The National Health Laboratory Services haematology laboratory at Inkosi Albert Luthuli Central Hospital, located in Durban, KwaZulu-Natal, South Africa, processes approximately 9000 FBC samples and 300–600 PBS samples monthly. The Inkosi Albert Luthuli Central Hospital is a referral hospital that provides medical care to patients with benign and malignant haematological conditions.6

The purpose of this study was to assess the performance of the WBC flags of the Sysmex XN-3000 analyser (Sysmex Corporation, Kobe, Japan) for the detection of WBC abnormalities in comparison to PBS microscopy, which is used as the gold-standard method in our setting. We also aimed to identify the clinical variables in our hospital setting that may be associated with false-positive (FP) and false-negative (FN) WBC flags.2


Ethical considerations

The study was approved by the University of KwaZulu-Natal Biomedical Research Ethics Committee (ethical clearance number: BREC/00003769/2022). Informed consent was not required by the Ethics approval committee as these samples were routinely performed by the clinician. The clinician had obtained consent for all laboratory procedures prior to admission of the patients and the laboratory had waived need for consent as no additional tests were performed. Full BREC ethics approval was obtained for this study. Informed consent was not obtained as these samples were submitted to the laboratory for routine FBC analysis and PBS microscopy by the treating clinician. Patient confidentiality was maintained during the study by the allocation of unique and anonymised study codes. The research data were stored electronically on password-protected devices accessible only by the researchers.

Study design

This was a laboratory-based prospective study conducted in the National Health Laboratory Services, Durban, KwaZulu-Natal, South Africa. The study comprised 250 blood samples, which were representative of the normal and abnormal adult patient population (> 12 years of age) sent to the laboratory for routine FBC analysis in dipotassium ethylene diamine tetra-acetate tubes (Becton Dickinson, Berlin, Germany).

The sample size was calculated using Stata® V15.1 statistical software (StataCorp LLC, College Station, Texas, United States) in consultation with a statistician who audited the number of monthly FBC requests. The samples were collected from March 2022 to April 2022.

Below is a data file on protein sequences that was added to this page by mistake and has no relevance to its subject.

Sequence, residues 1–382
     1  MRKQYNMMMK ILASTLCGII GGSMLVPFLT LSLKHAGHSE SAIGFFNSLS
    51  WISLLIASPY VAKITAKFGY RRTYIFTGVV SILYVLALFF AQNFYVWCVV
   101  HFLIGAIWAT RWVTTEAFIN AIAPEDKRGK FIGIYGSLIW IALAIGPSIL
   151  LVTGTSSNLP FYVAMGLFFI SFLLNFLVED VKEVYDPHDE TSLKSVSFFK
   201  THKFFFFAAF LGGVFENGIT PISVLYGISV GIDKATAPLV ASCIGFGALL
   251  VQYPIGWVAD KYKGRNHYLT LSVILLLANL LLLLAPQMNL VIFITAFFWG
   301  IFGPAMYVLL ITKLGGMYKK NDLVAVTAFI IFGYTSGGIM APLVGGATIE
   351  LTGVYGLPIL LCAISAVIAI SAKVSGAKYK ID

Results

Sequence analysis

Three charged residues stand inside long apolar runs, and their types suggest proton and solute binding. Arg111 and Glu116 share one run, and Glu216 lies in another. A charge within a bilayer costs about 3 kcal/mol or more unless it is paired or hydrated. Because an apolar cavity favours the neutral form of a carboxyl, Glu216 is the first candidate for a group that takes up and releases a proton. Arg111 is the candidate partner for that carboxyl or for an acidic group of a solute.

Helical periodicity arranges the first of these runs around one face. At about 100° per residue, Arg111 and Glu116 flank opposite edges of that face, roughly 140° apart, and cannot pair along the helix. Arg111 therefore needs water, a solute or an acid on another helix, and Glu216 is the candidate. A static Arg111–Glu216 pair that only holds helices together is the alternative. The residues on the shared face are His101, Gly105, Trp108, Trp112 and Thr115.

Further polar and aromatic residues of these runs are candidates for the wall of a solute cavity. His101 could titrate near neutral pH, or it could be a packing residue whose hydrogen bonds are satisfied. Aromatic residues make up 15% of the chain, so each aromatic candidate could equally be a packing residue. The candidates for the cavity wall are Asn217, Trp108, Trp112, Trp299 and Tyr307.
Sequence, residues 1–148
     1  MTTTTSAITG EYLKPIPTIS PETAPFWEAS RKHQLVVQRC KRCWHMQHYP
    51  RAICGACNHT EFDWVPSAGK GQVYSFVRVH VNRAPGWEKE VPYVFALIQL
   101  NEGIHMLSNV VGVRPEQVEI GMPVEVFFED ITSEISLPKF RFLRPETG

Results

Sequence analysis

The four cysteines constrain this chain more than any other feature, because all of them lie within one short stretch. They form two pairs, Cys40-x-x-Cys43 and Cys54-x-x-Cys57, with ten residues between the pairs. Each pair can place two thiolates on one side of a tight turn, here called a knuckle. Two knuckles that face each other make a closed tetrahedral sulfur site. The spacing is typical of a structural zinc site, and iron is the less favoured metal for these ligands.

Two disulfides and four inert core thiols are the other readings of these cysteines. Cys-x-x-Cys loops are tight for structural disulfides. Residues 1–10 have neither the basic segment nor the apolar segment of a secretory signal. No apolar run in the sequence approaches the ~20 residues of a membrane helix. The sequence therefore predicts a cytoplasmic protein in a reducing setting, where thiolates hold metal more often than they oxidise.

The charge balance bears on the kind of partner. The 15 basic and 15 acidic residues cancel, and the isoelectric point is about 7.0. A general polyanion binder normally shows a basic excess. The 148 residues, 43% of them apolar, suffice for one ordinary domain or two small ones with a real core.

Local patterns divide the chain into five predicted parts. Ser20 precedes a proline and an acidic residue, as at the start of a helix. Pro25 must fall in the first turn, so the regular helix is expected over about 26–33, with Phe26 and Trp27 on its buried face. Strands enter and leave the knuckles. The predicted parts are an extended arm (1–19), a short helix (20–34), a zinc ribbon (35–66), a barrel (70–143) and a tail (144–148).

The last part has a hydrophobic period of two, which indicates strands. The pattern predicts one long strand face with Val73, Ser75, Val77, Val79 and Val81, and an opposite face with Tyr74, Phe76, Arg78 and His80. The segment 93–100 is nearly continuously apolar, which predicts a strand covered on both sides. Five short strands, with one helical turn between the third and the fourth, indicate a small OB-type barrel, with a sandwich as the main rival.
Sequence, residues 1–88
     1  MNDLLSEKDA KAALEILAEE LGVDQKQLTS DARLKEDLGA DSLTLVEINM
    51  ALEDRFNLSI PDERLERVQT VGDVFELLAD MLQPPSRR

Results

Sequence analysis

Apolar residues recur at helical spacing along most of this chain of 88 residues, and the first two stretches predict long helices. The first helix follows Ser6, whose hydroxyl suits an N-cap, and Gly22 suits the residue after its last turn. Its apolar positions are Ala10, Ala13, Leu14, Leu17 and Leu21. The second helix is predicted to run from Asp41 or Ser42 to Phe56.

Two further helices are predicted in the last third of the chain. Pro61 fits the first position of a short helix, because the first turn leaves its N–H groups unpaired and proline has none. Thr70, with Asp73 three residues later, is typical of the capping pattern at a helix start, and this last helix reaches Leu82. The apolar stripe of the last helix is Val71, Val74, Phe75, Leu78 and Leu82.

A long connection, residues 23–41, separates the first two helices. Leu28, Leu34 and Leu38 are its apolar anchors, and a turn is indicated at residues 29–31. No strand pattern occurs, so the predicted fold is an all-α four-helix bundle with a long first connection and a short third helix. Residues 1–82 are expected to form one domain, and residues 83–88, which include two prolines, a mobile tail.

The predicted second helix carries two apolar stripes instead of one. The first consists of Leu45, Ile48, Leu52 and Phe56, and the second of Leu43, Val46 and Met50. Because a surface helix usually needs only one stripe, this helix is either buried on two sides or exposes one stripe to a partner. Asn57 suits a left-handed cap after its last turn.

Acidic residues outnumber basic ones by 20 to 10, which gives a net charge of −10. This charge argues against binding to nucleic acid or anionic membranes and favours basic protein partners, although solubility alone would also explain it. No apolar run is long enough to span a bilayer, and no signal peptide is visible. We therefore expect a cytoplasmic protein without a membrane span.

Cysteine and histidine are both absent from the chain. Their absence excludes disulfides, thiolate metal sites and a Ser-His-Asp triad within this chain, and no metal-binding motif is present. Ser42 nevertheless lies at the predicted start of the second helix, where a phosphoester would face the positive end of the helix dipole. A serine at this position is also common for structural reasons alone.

The results were quality assured by assessing the instrument’s daily internal quality controls and external quality assurance, according to the department’s standard operating procedure.6

Automated white blood cell analysis

The anticoagulated samples were drawn and analysed within 24 h of sampling on the Sysmex XN-3000 analyser (Sysmex Corporation, Kobe, Japan) for FBC and WBC differential count analysis. If the sample demonstrated ‘blast’, ‘atypical lymphocytes’, or ‘abnormal lymphocytes’, the WPC channel was reflexed and run according to the routine procedure.5 Samples that were clotted or haemolysed, had insufficient volume, were older than 24 h, or were collected in an incorrect tube or erroneously labelled were excluded from the study. The Sysmex XN-3000 analyser uses the principles of fluorescent flow cytometry to identify WBC sub-populations based on the intensity of the side-fluorescent light and side-scattered light.5,7 The initial reflex or warning is identified by the white cell differential, which generates an internal protocol message or flag. This flag is further confirmed or removed by the more sensitive WPC channel.5,8

Peripheral blood smear analysis

A PBS was prepared from each blood sample and stained according to the May-Grunwald Giemsa technique using the automated slide stainer (Sysmex P10 slide Maker and Stainer, Sysmex Corporation, Kobe, Japan) according to the Clinical and Laboratory Standards Institute recommendations.9 Each PBS was microscopically assessed (Olympus CX23, Evident Corporation, Tokyo, Japan) at 10× and 50× magnification with oil by the principal investigator and a trained haematology laboratory technologist. A 100 WBC differential count was performed for each sample. The machine differential and manual differential counts were entered into Microsoft® Excel 2016 spreadsheets (Microsoft®, Redmond, Washington, United States).

Clinical information